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Old 08-03-2012, 04:48 PM
Status: "But in the aggregate..." (set 26 days ago)
 
Location: The Triad (NC)
31,330 posts, read 69,465,060 times
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Quote:
Originally Posted by msdmoney View Post
The article is relatively meaningless...
It's not an article. It's a sales pitch on behalf of their realtor sponsors.
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Old 08-04-2012, 12:59 AM
 
48,508 posts, read 88,422,285 times
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just as the governamnt encorage homeownershnip and promoted programs and skeems to increase it since the 60's they how reralise that the historial levels of 65% from 70+% has Geithner said is more realiistic goal.
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Old 08-04-2012, 07:14 AM
 
1,730 posts, read 1,820,116 times
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In Russia ownership sure beats rent fast (but not in 3 years - that's abnormal), thanks to inflation (6%+ a year, while rent and housing prices increase with inflation, at least). But there's a problem - at first you'll have to pay a lot more than rent. Many people simply can't cover the difference.

Things are not that different in America, I guess.
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Old 08-04-2012, 07:37 AM
 
8,232 posts, read 12,577,302 times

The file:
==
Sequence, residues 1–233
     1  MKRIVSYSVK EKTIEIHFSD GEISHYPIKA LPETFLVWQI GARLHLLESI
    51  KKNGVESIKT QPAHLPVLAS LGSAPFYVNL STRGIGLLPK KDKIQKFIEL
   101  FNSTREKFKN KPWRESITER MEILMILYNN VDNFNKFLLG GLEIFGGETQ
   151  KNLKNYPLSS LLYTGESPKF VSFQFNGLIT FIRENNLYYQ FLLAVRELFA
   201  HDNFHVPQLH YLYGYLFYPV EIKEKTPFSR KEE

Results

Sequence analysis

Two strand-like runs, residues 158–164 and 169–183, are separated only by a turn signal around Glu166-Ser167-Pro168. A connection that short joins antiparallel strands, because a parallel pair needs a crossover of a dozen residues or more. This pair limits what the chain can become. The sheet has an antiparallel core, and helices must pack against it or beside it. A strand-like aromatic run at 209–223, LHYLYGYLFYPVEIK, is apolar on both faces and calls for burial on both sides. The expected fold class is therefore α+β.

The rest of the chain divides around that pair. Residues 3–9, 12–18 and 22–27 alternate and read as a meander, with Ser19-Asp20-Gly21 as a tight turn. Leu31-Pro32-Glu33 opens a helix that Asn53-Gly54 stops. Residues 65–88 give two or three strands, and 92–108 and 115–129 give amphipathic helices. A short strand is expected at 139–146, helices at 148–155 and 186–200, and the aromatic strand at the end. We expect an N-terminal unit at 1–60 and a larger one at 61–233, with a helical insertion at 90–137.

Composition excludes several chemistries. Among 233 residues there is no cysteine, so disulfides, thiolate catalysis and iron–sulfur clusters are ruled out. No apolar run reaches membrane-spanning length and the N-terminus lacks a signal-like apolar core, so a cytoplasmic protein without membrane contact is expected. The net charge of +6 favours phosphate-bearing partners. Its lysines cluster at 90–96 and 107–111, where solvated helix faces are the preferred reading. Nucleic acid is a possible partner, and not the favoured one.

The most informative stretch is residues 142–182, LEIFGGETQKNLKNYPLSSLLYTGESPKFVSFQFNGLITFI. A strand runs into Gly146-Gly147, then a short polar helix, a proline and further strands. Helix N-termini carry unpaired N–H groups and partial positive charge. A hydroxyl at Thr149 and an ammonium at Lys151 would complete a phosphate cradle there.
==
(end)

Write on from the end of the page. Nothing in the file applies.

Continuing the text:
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Depends on how long you plan on living in it. And whether you want to risk on getting stuck with it if the trend reverses
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Old 08-04-2012, 09:22 AM
 
Location: Apex, NC
3,121 posts, read 7,753,781 times
Reputation: 2629
I am a homeowner and have owned two homes now since 2004 (I'm 35), but are people forgetting the amount of money that goes into owning and maintaining a home that renters do not have to pay? My first home was a townhouse that we bought in 2004 and sold exactly 2 years later for about 77% more than what we paid for it. This was obviously not typical and it basically had to do with living in the DC area and buying and selling at the PERFECT times and right before the bubble popped.

My second home I purchased in 2006 in Raleigh and it's actually appreciated about 3-5% in the last 6 years which normally would be pretty bad, but considering other areas of the country not to shabby. However, I've put about $25k into this home in the last 6 years with new flooring, concrete patio, new HVAC system, painting the house, new fence for the back yard, etc.

My mortgage is probably about $300 or so less than what I would pay in rent a month (probably about $200 less when we first bought the house...we've refinanced a couple times), but with all the outlays I don't know if we've even broke even yet. We're looking to sell again in about 2 years, but with realtor fees/other fees, we'll be lucky to make about $5k more than what we bought it for 8 years earlier (if we sell in 2014). Luckily we were able to put 20% down when we bought it, but after putting $30k into the home in 8 years even assuming we get $10k more at the time of sale, we're down $20k in our investment. Even assuming on average we've paid $250 less in mortgage than we would to rent the same house, after 8 years we would have saved $24k. So we're pretty much about even in 8 years if those assumptions are true.

I love owning my own place and we'll buy again, but with the lack of mobility in a bad economy I would make sure that if you want to buy you're in the house for at least 8 years if not more.